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Mon Jan 28, 2013, 06:19 AM

Hate Eating Corporate Food? Democracy Is the Best Recipe

http://www.alternet.org/food/hate-eating-corporate-food-democracy-best-recipe



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Tara Lohan: There's no doubt we have a big problem with junk food and a lot of the issue comes down to marketing to kids, which you’ve written about in the book in great detail. But it seems like a much larger cultural problem then that.

Wenonah Hauter: I think it’s part of the dysfunction of society as people have forgotten how to cook. We want everyone to enjoy healthy food, not just small segments of society. We have to fix the policy things and then we have to fix the things in society that make it impossible for people to actually cook. That's why we can't fix our food system without fixing our democracy. People don't have time to cook because they work two jobs. They are not paid enough to purchase the healthy ingredients and the food system is not going to solve these problems. We have to have a political system ask why there is an ever increasing stratification and why they allow the media to set the agenda through advertising and the culture that we created today.

It's complex. There's no magic bullet. I'm dealing in Foodopoly with the food policy piece but that's just a slice of the pie. We also have to do something about these corporations benefitting from really the wrong values around food and the fact that 90% of the food budget of most Americans goes towards processed foods. We need to take away the economic incentive.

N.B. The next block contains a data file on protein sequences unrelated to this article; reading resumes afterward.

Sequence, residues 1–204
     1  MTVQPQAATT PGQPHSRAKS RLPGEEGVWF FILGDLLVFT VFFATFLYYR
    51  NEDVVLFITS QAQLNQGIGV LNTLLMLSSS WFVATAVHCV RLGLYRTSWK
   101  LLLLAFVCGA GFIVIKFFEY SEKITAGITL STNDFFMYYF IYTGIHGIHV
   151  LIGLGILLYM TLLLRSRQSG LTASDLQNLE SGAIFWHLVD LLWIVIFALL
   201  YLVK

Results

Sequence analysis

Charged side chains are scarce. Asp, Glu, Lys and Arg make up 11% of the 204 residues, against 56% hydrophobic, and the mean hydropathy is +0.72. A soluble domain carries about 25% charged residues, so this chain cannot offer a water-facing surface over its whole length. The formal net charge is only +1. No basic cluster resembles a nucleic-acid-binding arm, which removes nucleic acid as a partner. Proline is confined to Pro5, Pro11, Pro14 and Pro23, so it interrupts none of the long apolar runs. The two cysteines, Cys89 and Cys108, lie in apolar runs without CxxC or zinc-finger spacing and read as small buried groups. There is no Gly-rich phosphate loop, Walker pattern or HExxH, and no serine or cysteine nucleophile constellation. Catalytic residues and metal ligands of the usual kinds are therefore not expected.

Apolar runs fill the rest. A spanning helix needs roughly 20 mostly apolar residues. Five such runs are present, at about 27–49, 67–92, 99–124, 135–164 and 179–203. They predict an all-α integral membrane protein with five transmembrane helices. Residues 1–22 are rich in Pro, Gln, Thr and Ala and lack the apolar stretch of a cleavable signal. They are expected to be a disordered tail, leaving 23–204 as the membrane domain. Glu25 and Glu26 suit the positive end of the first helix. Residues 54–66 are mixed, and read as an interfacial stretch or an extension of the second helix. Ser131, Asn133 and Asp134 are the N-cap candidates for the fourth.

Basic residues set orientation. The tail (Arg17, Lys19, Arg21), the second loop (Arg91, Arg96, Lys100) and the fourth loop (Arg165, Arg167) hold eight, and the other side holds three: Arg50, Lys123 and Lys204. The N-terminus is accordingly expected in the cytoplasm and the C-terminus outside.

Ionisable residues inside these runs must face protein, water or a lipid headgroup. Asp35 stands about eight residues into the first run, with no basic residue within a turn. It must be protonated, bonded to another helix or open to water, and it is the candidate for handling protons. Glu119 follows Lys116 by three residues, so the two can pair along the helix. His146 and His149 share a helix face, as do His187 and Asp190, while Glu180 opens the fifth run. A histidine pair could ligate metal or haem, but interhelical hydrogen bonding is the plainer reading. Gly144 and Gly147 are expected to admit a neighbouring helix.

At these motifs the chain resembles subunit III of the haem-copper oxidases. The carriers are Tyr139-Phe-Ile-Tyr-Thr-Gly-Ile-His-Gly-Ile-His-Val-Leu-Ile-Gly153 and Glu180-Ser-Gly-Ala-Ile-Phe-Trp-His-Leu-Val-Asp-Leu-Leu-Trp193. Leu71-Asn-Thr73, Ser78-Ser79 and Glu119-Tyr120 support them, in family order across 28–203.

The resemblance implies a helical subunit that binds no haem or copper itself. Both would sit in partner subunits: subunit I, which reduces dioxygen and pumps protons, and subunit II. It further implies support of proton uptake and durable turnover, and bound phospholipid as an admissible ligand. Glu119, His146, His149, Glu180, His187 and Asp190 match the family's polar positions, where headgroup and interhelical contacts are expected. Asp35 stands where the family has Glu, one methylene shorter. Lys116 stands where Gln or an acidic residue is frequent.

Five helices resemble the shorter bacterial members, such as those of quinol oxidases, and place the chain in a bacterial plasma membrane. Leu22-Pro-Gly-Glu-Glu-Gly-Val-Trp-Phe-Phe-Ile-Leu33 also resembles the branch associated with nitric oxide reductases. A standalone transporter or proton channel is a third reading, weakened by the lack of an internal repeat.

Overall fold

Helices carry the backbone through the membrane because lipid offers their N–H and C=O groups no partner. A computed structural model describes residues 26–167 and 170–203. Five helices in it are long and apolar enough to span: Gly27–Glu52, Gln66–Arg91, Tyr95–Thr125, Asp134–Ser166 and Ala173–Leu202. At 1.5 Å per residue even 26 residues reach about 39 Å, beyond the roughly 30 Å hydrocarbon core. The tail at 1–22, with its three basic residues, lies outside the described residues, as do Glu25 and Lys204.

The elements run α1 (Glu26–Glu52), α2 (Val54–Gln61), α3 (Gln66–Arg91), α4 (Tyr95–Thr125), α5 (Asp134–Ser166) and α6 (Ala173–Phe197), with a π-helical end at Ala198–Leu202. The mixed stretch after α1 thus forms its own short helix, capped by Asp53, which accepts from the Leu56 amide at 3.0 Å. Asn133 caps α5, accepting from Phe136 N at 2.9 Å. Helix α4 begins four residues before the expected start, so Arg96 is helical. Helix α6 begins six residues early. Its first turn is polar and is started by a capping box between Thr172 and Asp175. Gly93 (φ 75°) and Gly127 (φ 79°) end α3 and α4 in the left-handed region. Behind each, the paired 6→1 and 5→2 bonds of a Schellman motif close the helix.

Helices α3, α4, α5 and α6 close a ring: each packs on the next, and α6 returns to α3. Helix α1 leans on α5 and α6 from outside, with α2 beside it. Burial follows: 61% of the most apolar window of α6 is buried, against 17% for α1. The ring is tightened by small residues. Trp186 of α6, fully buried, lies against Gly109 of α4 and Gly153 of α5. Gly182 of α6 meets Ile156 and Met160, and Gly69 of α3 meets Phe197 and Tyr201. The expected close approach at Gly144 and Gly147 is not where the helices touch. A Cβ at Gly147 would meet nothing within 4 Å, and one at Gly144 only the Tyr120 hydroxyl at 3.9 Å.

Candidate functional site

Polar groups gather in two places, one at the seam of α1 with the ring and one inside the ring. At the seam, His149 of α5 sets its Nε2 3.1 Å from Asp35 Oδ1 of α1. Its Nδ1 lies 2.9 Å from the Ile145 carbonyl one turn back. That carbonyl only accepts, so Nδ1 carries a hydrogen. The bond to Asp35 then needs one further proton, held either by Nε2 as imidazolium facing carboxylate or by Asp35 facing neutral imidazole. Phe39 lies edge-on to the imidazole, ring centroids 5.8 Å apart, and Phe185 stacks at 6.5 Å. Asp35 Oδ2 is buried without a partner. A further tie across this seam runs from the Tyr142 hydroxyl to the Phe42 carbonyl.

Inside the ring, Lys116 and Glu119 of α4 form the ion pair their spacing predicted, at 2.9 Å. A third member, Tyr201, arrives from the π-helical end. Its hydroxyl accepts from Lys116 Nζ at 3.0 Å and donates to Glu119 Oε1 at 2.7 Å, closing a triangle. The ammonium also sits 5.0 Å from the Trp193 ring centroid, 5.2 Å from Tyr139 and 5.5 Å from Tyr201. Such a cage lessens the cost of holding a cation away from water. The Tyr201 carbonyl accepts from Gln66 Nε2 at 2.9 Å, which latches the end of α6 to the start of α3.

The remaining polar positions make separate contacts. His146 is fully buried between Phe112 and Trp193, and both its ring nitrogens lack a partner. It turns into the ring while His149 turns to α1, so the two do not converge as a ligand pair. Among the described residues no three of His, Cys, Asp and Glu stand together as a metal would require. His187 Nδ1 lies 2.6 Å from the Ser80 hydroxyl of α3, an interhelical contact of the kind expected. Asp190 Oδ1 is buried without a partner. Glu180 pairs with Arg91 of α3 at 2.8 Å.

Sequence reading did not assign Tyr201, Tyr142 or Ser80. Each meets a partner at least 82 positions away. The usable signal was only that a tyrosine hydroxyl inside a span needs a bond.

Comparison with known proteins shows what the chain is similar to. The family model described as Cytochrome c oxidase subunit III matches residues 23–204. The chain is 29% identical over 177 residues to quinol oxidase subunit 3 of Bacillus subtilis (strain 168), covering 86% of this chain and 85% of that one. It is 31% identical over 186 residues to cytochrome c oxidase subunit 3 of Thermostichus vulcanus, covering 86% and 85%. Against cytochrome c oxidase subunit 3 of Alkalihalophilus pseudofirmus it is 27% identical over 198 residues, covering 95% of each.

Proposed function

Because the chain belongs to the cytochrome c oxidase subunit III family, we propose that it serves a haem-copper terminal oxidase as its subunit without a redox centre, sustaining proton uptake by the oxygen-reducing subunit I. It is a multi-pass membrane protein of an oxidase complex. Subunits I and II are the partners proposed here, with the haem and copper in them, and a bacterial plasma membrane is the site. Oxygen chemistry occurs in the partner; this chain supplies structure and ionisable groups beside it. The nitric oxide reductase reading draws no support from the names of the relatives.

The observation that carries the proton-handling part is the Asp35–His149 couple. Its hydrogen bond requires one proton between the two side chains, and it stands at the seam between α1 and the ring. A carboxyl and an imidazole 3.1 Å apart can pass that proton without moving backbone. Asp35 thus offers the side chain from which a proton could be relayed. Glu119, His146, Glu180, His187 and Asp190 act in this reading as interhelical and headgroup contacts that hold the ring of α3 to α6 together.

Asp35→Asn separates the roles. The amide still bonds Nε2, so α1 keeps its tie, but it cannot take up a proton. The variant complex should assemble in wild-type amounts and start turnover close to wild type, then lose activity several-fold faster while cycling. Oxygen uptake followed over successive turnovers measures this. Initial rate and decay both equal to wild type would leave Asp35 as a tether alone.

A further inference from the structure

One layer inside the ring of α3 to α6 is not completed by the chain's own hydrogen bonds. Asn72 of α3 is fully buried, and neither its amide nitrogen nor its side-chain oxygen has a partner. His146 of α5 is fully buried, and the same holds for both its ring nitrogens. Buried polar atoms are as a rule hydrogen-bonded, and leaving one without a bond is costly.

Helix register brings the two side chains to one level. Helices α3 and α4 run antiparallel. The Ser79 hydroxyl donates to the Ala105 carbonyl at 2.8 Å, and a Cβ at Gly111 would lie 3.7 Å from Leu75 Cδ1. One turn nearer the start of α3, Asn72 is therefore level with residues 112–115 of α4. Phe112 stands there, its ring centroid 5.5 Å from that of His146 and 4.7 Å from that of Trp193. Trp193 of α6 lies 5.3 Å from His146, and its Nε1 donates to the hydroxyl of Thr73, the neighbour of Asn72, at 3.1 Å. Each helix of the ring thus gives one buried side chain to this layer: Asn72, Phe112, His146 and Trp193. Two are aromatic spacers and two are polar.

TL: When I first moved to California in 2006, we had three years of drought and now the Plains and the Midwest are experiencing quite a bit of drought. For all of our industrialization and “modernization” of our food supply, it seems incredibly vulnerable, especially considering the impacts of climate change and what we may be going through in the coming decades.

WH: There is no doubt that we are in for some shock in production. I think California with the snow pack decreasing is really in a very vulnerable place and in fact, the droughts in the Midwest, the loss of crops this year and even on the East Cost beyond Hurricane Sandy and all of the dramatic weather, you can see the weather patterns changing. I see this in my own life, having grown up on this farm. We used to have thunderstorms during the summer. We got a lot of rain. Now we go through long periods of drought. In fact, we would probably not have vegetables on our farm if we didn't have water to irrigate with. We have springs. You just couldn't grow anymore.

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